If bicycles are to ever start being considered legitimate forms of transportation one of the first things that needs to happen is for bicyclers to own their rights and responsibilities. That means, among other things, riding in the street and not on the sidewalk. Making sure drivers see them and know what their intentions are. Using the bike lane if there is one and if not, taking their place in the traffic lane. Most state laws allow this unless traffic is being held up. And most people are not psychopaths who will intentionally mow down a bicycle. In fact, most accidents happen when drivers are not expecting to see a bicycle, as when one suddenly enters the street from a sidewalk.
Following all the laws all the time is a challenge though since the infrastructure is designed for cars. One example is the sensors, loops of wire buried in the pavement of the travel lane near the stop line, which detect vehicles at intersections and tell the lights when to change. They are meant to detect metal but most of them are not super sensitive and don’t detect bicycles. Besides, they are in the traffic lanes and not on the side of the road or in the bike lanes. The humantransport.org website has a good article about how to make these detectors detect a bicycle.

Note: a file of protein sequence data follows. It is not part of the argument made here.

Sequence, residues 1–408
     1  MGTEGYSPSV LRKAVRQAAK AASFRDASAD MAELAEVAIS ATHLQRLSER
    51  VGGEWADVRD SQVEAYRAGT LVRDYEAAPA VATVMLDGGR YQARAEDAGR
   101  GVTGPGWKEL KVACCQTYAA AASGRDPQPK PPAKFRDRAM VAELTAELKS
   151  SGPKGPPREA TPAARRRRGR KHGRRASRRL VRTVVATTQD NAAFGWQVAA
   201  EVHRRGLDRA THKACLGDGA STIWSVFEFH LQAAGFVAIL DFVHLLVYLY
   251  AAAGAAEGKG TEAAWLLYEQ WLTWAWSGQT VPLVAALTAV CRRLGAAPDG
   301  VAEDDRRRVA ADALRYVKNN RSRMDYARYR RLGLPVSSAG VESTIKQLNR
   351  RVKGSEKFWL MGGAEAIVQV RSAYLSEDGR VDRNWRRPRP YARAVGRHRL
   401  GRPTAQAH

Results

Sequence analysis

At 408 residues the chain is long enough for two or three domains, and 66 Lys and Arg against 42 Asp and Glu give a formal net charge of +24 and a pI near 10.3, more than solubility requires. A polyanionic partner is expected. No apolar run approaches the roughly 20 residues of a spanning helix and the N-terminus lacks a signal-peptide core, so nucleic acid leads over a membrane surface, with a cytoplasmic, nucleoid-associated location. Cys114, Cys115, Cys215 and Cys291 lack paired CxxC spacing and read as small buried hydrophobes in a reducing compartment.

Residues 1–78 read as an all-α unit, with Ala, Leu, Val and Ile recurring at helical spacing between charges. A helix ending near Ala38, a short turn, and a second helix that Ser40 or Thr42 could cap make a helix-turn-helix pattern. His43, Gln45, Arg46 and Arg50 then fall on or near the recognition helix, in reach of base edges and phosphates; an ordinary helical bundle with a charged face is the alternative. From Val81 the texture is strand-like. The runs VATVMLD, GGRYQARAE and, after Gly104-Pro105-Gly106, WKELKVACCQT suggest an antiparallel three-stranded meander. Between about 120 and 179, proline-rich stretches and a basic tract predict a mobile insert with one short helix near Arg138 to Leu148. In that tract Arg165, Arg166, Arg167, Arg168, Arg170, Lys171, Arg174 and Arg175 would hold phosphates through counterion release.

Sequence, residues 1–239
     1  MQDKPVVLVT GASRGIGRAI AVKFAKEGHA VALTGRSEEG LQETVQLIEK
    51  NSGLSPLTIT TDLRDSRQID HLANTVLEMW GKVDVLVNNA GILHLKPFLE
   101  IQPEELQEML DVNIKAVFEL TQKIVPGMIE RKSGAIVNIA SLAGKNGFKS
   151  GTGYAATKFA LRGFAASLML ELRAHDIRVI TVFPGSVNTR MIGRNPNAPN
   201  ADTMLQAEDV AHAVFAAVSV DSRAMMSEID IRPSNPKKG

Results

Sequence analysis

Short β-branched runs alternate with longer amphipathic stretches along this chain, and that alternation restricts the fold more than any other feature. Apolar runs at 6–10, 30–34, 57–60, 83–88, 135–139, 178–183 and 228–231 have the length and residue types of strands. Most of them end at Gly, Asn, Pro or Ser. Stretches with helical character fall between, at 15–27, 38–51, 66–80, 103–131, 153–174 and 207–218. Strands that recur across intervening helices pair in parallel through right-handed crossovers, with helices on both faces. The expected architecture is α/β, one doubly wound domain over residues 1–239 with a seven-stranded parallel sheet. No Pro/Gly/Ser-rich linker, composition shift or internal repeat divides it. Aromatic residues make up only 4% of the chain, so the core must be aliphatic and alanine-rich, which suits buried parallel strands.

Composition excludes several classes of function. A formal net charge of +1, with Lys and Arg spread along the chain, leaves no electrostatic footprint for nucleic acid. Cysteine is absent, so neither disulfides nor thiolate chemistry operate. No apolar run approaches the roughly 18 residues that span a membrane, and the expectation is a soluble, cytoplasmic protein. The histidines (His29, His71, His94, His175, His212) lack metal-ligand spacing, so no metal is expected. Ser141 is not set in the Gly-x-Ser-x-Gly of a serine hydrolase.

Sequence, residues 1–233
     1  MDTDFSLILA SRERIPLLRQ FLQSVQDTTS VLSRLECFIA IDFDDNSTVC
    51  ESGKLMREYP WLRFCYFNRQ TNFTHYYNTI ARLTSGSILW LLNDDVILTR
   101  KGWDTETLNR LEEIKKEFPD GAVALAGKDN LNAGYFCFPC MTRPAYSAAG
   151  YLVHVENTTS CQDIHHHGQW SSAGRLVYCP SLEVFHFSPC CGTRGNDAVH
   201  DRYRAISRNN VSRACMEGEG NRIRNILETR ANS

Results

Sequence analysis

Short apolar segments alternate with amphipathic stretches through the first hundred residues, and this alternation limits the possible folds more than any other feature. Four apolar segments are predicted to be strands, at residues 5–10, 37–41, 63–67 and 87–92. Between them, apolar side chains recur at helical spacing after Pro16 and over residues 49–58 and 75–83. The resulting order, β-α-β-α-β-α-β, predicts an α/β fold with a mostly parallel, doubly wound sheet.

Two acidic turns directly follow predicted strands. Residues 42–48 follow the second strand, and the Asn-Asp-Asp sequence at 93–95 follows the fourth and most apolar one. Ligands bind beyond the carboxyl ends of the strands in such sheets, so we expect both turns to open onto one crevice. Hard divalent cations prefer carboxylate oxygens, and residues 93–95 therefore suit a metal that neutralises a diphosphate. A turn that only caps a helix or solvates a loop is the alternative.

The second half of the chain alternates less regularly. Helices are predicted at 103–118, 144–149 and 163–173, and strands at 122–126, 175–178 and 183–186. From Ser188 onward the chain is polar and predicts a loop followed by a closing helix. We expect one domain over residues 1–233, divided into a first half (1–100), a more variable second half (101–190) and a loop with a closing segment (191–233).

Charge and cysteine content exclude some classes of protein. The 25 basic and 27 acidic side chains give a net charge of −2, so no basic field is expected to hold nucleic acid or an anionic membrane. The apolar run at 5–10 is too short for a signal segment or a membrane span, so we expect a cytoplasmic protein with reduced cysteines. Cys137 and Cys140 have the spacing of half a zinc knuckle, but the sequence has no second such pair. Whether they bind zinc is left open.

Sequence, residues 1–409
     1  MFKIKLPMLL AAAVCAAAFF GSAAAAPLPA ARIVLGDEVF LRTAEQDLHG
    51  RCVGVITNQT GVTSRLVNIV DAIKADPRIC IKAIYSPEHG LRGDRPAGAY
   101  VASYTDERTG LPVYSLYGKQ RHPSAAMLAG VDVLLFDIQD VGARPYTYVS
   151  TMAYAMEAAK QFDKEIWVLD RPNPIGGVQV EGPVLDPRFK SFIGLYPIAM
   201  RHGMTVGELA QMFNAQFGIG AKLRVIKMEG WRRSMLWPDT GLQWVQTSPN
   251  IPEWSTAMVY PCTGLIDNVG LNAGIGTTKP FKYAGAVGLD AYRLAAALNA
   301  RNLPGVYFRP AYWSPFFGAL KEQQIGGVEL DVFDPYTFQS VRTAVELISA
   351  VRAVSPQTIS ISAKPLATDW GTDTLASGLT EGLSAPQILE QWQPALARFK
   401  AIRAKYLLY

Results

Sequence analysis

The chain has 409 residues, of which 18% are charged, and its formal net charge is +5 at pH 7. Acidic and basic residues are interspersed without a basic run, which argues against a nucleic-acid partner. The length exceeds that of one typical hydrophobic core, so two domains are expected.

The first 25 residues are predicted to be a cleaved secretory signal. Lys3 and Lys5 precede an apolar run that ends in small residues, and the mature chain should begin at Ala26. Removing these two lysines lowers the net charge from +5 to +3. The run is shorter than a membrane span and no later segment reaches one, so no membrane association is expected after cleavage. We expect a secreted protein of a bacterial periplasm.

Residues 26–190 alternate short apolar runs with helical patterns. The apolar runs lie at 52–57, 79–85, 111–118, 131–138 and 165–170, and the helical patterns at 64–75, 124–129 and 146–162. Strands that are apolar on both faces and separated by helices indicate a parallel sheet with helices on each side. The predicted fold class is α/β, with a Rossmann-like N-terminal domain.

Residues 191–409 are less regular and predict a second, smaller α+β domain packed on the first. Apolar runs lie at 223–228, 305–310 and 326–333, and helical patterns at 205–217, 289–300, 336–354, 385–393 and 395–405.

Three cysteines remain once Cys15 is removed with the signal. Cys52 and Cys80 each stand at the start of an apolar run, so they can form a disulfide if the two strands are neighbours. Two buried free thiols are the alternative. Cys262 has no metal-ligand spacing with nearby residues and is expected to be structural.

Intersections in Pleasanton, California, have been outfitted with radar that not only detect bicycle traffic to trigger green lights, but differentiate between bicycles and cars.
The devices, called Intersectors, have been installed at eight intersections across the city alongside bike lane and pavement projects. They use a combination of microwave and presence sensors to detect a vehicle, and offer enough precision to determine whether a vehicle has two, four or more wheels. Because it can detect what kind of vehicle is about to cross, it will adjust signal timing accordingly (as seen in the video).
The wired.com website has this article on their Autopia page
The Bike Hermit is encouraged. As more people start to actually use bicycles, and other people see them and maybe think that they could do it too, the idea becomes more mainstream. Bicycles are a legitimate, efficient mode of transportation but still one that most people never consider. It’s easy to walk to the garage and hop in the car to go to the store. It’s actually easier, many times, to hop on the bicycle. And it’s almost always easier to find a parking spot!